It was a night of youths at La Vitrola on Friday, April 26th. Post-punk-alternative band Sweet Toothe from London, Ontario headlined the night joined by Montreal locals Sasha Cay, Silos, Heard by Now, and Growing Fins from Toronto. Post-punk-alternative-indie-pop is a pretty spot-on way to describe what the vibe was for this Vendetta Music production.
Locals Heard by Now opened the show and wouldn’t let anyone forget it, as they name-dropped themselves before and after nearly every song. Although the vocals were a little rough here and there, the songs were coming from a solid place and had good structure to them. Unfortunately there was a lack of cohesiveness in the sound that didn’t let their performance take off. Though surely, as the shows pile up for these guys, experience will fix these troubles.
Growing Fins from Toronto took the second spot and stepped things up a notch. They were tight, which made sense considering they’re a band that’s on the road and have gotten to that level of playing. More in the realm of math-prog, the rhythm section was wicked calculated and delivered a tight set. Surprisingly, the lead and backup vocals were shaky and could definitely use some fine tuning. Slick songs and big change-ups really made for an enjoyable set by these guys.
Silos must have gotten really hyped after seeing Growing Fins, because these dudes really came on strong. Definitely too strong. We’re talking pre-show, pretending-your-guitar-is-a-dick-and-pretend-ejaculating-on-your-friends-in-the-front-row-for-like-two-minutes kind of strong. Just saying it for was it was, folks. You fill in the blanks. It was all in good fun though, and there was a lot of charisma coming off the stage. The bassist sporting a fretless bass was definitely the coolest part of the set, alongside the guitarist jumping down and playing in the crowd.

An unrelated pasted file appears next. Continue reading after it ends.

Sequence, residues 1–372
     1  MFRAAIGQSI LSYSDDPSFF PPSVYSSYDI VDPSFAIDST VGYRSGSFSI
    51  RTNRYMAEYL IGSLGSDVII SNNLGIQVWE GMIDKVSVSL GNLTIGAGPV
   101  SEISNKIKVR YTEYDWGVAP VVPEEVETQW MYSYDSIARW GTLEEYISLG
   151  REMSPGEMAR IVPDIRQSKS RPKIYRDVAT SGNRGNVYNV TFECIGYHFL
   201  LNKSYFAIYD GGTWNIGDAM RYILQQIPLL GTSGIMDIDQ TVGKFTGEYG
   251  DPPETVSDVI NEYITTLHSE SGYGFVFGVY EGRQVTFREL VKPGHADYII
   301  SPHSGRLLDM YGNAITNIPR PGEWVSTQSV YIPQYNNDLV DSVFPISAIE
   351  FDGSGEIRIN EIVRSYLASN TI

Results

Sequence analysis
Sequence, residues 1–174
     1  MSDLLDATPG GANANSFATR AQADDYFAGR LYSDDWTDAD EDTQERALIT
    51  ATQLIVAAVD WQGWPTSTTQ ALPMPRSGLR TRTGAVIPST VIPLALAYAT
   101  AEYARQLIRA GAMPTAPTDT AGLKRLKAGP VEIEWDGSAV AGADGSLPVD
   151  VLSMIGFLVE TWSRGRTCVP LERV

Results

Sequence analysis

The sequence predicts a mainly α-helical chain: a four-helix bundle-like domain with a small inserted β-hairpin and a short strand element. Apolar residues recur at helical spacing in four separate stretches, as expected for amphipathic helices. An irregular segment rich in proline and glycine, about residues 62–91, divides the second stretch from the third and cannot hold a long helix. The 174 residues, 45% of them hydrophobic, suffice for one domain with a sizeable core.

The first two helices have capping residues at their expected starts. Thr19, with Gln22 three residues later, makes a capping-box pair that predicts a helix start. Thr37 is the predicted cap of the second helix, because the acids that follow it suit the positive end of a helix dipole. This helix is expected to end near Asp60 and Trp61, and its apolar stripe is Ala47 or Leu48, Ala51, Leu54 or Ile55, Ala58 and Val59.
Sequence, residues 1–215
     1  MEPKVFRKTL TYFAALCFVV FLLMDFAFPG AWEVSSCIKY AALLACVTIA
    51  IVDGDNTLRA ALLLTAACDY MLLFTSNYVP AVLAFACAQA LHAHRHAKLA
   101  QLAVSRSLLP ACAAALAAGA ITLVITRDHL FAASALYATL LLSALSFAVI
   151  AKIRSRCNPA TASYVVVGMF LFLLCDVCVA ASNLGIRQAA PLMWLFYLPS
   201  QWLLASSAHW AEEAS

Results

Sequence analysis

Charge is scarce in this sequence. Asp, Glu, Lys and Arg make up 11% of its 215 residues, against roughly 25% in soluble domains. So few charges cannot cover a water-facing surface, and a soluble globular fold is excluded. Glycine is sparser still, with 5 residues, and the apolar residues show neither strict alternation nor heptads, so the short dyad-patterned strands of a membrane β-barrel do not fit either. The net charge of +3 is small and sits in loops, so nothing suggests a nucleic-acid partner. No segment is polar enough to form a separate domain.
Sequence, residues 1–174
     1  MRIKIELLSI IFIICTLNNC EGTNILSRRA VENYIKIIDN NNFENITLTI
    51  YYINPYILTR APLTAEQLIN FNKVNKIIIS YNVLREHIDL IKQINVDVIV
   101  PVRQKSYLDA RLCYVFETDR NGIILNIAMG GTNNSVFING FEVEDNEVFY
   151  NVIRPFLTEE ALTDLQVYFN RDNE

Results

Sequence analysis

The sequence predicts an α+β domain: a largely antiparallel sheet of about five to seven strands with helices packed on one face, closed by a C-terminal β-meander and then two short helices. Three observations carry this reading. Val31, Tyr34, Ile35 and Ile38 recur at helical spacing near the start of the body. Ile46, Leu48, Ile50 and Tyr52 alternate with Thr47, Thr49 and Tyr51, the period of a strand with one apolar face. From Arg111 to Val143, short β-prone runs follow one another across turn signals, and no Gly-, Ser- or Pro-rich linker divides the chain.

Easily my favourite performance of the night was Sasha Cay. Accompanied by bass and drums, the trio put on a smooth set of sad-but-happy tunes that really connected with the crowd. On-point vocals facilitated the trip. There was a cheerful ambiance in the room. That, as well as the mellow indie flow, made for a good change-up. For fans of Snail Mail, Sasha Cay is in that same vein and plays Montreal again May 10th at the Diving Bell Social Club.
Sweet Toothe rolled on stage to sweep us all away at the end of the night. They started their set with this interlude piece that I could only describe as alien-jazz. These guys and gal were the real deal. Not only were they the tightest performance of the night, but they also took control of the room from the start and had a great sound dialled in. The vocals were on, the drumming was monstrous, and the grooves flowed from heavy mosh to delicate chord changes and more jazzy vibes. This is definitely a band that has their act together. Their alternative post-punk mojo capped the night very well, and they showed why they were headlining band.
Written by Ben Cornel
Photography by Michael Kovacs
*edited by Kate Erickson